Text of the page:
In our consulting practice we often talk with salespeople who are frustrated because a proposal they have in front of a prospect seems to be going nowhere. Typically, the prospect has said positive things about the plans in the proposal and seems to indicate they have interest in implementing the plan at some point, but still the decision wallows and there’s no sale. So how does one best deal with this scenario?
Here are five ideas to help you activate lagging prospects:
1. Make sure the needs you uncovered in the sales process are important enough and well defined enough to prompt the prospect to act to address them.
Even if you responded to an RFP, you should have been able to delve deeper, beyond the headlines they provided, to uncover what it is they are really eager to address. For example, a company recently sent us an RFP to help them screen more effectively for sales talent. But when we went deeper, the real problems that prompted their interest were a sales staff turnover issue along with new needs created by a revamped sales structure. We can help with those needs in a big way and the prospect wanted that help. Companies only buy when there is trouble (something that must change) or growth potential (an unrealized opportunity they really want to address that is driving them nuts). Do you have that information? Are you sure? Was the need you uncovered big enough and urgent enough to get them to pay attention to your proposal?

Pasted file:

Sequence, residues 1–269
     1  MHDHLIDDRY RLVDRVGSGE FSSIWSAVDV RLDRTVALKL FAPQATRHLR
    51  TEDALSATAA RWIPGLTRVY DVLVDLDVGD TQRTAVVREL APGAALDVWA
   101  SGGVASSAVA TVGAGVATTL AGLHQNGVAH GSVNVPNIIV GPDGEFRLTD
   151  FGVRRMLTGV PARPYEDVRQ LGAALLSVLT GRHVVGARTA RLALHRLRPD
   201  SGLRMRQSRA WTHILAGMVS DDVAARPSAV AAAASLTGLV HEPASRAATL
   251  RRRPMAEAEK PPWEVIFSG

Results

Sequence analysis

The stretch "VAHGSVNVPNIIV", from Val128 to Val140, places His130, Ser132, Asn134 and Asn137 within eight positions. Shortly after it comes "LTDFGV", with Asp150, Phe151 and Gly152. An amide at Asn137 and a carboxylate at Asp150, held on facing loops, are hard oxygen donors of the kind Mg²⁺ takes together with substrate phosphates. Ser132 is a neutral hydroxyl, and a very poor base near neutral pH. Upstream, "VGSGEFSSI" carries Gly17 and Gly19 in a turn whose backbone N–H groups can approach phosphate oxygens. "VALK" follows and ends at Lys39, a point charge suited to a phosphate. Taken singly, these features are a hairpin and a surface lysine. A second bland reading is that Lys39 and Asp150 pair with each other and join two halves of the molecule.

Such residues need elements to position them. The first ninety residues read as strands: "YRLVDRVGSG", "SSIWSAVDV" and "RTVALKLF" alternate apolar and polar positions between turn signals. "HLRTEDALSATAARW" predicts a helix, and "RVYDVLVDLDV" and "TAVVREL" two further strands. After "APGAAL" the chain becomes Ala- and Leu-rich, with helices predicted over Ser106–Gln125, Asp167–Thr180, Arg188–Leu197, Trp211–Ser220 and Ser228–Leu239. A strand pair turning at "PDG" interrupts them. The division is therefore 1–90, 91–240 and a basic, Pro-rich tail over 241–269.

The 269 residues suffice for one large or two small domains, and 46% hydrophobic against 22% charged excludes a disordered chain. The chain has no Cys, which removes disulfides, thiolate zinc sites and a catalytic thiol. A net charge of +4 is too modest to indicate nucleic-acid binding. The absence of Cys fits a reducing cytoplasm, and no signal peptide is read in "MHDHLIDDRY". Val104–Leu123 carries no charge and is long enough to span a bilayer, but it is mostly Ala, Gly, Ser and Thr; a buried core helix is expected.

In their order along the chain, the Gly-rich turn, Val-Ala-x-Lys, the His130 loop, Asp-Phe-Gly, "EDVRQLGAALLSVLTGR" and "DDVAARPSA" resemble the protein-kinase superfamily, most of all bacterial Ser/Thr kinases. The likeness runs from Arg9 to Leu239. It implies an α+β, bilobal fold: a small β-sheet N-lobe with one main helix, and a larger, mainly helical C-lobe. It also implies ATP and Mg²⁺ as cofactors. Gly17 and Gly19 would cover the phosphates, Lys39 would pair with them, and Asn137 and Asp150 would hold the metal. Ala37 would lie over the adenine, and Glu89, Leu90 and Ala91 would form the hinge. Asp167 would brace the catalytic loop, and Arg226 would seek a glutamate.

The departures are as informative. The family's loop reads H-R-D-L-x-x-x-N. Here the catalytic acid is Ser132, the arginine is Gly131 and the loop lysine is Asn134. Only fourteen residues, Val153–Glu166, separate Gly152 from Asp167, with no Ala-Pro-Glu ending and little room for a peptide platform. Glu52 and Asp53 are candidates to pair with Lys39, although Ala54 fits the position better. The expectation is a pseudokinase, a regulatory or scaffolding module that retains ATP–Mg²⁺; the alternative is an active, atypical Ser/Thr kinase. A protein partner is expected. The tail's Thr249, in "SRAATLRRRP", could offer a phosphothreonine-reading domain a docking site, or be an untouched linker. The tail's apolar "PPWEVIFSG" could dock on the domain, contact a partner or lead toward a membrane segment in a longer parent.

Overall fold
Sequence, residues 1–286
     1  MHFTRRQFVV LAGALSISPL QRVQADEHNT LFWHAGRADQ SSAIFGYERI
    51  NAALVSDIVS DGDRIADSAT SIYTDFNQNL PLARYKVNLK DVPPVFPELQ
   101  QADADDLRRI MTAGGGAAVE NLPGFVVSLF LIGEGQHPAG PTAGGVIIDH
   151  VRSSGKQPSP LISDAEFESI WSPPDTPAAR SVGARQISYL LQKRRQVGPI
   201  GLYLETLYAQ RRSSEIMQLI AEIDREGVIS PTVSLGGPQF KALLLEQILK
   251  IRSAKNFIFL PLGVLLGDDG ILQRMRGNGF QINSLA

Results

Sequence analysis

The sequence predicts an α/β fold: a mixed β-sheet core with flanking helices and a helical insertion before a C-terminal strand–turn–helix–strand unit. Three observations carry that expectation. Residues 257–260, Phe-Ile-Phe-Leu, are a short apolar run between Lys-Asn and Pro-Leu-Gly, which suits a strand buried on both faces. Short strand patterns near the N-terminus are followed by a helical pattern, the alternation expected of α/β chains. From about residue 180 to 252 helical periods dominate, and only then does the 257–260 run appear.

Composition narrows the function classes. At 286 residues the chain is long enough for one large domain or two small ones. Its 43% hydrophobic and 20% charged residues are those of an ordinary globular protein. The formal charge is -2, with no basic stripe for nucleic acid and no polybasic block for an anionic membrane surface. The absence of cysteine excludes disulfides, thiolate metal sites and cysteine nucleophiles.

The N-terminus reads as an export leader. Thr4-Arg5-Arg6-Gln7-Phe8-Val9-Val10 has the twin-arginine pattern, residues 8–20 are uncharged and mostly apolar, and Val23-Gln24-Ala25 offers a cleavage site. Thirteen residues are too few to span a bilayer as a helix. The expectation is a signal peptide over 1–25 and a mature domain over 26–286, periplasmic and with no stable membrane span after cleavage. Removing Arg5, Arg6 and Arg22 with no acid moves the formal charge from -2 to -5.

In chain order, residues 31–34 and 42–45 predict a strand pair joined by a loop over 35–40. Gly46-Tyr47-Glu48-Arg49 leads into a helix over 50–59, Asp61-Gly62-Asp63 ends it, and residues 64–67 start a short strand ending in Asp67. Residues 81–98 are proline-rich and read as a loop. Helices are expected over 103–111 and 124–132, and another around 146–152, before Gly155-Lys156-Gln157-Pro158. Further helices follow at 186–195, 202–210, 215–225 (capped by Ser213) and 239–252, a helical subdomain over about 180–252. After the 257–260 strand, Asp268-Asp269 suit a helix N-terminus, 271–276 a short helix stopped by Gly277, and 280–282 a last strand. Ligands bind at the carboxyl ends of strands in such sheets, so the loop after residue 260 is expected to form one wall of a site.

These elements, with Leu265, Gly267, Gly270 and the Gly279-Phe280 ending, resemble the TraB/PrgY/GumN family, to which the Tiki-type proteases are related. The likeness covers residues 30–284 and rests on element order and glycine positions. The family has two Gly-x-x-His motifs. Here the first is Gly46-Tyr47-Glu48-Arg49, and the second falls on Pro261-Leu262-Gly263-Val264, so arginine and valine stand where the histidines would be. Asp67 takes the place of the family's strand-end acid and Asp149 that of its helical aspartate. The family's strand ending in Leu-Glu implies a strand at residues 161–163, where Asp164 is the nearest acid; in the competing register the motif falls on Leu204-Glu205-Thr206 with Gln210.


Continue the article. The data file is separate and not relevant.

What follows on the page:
2. Examine the solution you brought them.
Is it a tailored solution that zeroes right in on needs you identified, or is it a bit generic? Could any of your competitors have delivered a similar proposal? If so, your solution may look like another off-the-shelf response.
3. Make sure you have all your bases covered.
Most sales these days are complex in that they involve more than one decision-influencer. Is there a decision-influencer you haven’t covered, someone who is holding up the decision? You need to find who that is and what role they play. Until that person (or people—there might be several) is convinced that your proposal is what the company needs, they will hold it up.
4. Add some urgency to what you propose.
Try including a deadline – not something you make up, but something about your idea (or their situation) that really is time-bound. Are there elements of your proposal that cannot be delivered after a particular date? Does the offer expire? Do the terms change after a certain period of time? Think about the variable elements that are, or could be, time-bound.
5. If things lag too long, give the prospect a new decision to consider.
Look for a way to change the decision that’s on the table. Add something new or additional to your plan, something they haven’t seen before, a reason to look at the proposal with fresh eyes or under a new light. If the old decision is lagging, give them a new decision to make.
In professional sales we’d all love to see things move on a predictable timeline, but they don’t always. Look at a lagging prospect you are working with now and consider the five actions above. I bet you will find a way to get them off the dime!